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Structural, petrological and chemical analysis of syn-kinematic migmatites: insights from the Western Gneiss Region, Norway.

Abstract : Evidence of melting is presented from the Western Gneiss Region (WGR) in the core of the Caledonian orogen, Western Norway and the dynamic significance of melting for the evolution of orogens is evaluated. Multiphase inclusions in garnets that comprise plagioclase, potassic feldspar and biotite are interpreted to be formed from melt trapped during garnet growth in the eclogite facies. The multiphase inclusions are associated with rocks that preserve macroscopic evidence of melting, such as segregations in mafic rocks, leucosomes and pegmatites hosted in mafic rocks and in gneisses. Based on field studies, these lithologies are found in three structural positions: (1) as zoned segregations found in high-pressure (HP) (ultra) mafic bodies, (2) as leucosomes along amphibolite facies foliation and in a variety of discordant structures in gneiss, and (3) as undeformed pegmatites cutting the main Caledonian structures. Segregations post-date the eclogite facies foliation and predate the amphibolite facies deformation, whereas leucosomes are contemporaneous with the amphibolite facies deformation and undeformed pegmatites are post-kinematic and were formed at the end of the deformation history. Geochemistry of the segregations, leucosomes and pegmatites in the WGR defines two trends, which correlate with the mafic or felsic nature of the host rocks. The first trend with Ca-poor compositions represents leucosome and pegmatite hosted in felsic gneiss, whereas the second group with K-poor compositions corresponds to segregation hosted in (ultra) mafic rocks. These trends suggest partial melting of two separate sources: the felsic gneisses and also the included mafic eclogites. The REE patterns of the samples allow distinction between melt compositions, fractionated liquids and cumulates. Melting began at high pressure and affected most lithologies in the WGR before or during their retrogression in the amphibolite facies. During this stage, the presence of melt may have acted as a weakening mechanism that enabled decoupling of the exhuming crust around the peak pressure conditions triggering exhumation of the upward-buoyant crust. Partial melting of both felsic and mafic sources at temperatures below 800°C implies the presence of an H2O-rich fluid phase at great depth to facilitate H2O-present partial melting.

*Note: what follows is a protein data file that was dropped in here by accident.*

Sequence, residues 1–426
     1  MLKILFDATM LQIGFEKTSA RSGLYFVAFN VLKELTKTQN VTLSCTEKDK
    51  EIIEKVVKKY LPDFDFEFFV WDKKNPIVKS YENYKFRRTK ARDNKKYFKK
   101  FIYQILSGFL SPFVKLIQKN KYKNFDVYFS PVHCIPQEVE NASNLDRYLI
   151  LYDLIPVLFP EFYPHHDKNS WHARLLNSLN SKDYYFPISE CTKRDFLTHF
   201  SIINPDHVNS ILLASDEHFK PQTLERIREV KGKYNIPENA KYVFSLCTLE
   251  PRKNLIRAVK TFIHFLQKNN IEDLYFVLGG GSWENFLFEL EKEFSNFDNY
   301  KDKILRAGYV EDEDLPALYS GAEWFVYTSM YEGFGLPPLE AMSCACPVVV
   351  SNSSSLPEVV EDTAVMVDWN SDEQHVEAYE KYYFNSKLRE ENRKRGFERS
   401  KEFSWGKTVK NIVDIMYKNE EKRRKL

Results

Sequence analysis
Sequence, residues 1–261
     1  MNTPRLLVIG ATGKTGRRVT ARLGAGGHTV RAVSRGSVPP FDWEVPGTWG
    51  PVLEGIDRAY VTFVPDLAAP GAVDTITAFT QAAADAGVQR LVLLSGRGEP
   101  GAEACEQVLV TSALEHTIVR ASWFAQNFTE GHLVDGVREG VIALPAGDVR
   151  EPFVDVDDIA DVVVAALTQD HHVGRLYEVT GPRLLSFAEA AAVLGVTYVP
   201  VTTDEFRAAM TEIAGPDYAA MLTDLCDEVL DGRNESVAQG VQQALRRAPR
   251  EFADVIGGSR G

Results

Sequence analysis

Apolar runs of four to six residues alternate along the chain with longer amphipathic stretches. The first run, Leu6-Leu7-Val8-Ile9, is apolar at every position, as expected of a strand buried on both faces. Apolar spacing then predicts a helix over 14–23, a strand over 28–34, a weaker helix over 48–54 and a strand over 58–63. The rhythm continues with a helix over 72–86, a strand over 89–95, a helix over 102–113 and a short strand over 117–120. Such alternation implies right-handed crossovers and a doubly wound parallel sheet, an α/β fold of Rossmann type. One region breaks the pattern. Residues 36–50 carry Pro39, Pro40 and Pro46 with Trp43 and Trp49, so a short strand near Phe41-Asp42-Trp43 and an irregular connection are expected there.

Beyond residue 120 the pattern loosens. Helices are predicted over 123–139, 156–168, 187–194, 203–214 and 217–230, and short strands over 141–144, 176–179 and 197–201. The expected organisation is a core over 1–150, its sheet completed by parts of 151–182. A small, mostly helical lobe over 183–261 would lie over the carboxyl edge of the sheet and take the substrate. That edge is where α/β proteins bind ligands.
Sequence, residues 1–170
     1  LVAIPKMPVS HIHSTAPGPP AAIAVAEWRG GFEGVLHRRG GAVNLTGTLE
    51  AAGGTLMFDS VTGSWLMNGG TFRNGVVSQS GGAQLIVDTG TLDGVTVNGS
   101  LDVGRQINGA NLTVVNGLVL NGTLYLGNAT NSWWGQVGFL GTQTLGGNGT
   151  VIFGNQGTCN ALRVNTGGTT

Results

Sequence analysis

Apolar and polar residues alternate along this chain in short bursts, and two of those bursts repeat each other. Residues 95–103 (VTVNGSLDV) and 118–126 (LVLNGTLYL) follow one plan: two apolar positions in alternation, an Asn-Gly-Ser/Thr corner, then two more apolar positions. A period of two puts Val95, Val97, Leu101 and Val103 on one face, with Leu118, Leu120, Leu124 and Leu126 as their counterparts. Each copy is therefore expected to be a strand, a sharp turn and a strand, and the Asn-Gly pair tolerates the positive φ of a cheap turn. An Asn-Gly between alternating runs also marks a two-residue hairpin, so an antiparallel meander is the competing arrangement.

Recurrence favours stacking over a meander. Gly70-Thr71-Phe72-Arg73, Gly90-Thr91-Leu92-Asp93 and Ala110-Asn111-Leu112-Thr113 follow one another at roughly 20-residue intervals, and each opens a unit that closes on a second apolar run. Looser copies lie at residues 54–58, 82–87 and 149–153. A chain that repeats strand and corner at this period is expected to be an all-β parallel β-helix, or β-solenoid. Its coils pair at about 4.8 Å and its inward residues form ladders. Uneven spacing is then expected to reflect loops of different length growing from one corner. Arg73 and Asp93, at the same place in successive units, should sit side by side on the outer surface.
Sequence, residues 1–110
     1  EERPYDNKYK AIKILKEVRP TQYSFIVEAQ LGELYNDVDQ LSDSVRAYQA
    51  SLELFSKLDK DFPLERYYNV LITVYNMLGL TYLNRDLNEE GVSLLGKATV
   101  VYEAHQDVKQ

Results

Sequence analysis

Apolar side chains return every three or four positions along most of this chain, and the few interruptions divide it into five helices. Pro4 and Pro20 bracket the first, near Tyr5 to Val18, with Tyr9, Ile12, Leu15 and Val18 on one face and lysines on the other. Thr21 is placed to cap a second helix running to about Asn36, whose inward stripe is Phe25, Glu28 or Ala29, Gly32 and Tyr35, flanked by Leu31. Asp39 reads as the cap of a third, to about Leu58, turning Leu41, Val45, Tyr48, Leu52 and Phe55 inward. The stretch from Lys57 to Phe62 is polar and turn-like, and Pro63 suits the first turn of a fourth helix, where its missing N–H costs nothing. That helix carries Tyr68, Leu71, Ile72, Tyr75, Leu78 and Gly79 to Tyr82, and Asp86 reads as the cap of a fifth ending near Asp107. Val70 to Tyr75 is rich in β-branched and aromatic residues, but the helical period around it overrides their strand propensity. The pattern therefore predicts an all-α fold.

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Anne-Céline Ganzhorn, Loic Labrousse, Gaëlle Prouteau, C. Leroy, J. C. Vrijmoed, et al.. Structural, petrological and chemical analysis of syn-kinematic migmatites: insights from the Western Gneiss Region, Norway.. Journal of Metamorphic Geology, Wiley-Blackwell, 2014, 32 (6), pp.647-673. ⟨10.1111/jmg.12084⟩. ⟨insu-00955251⟩



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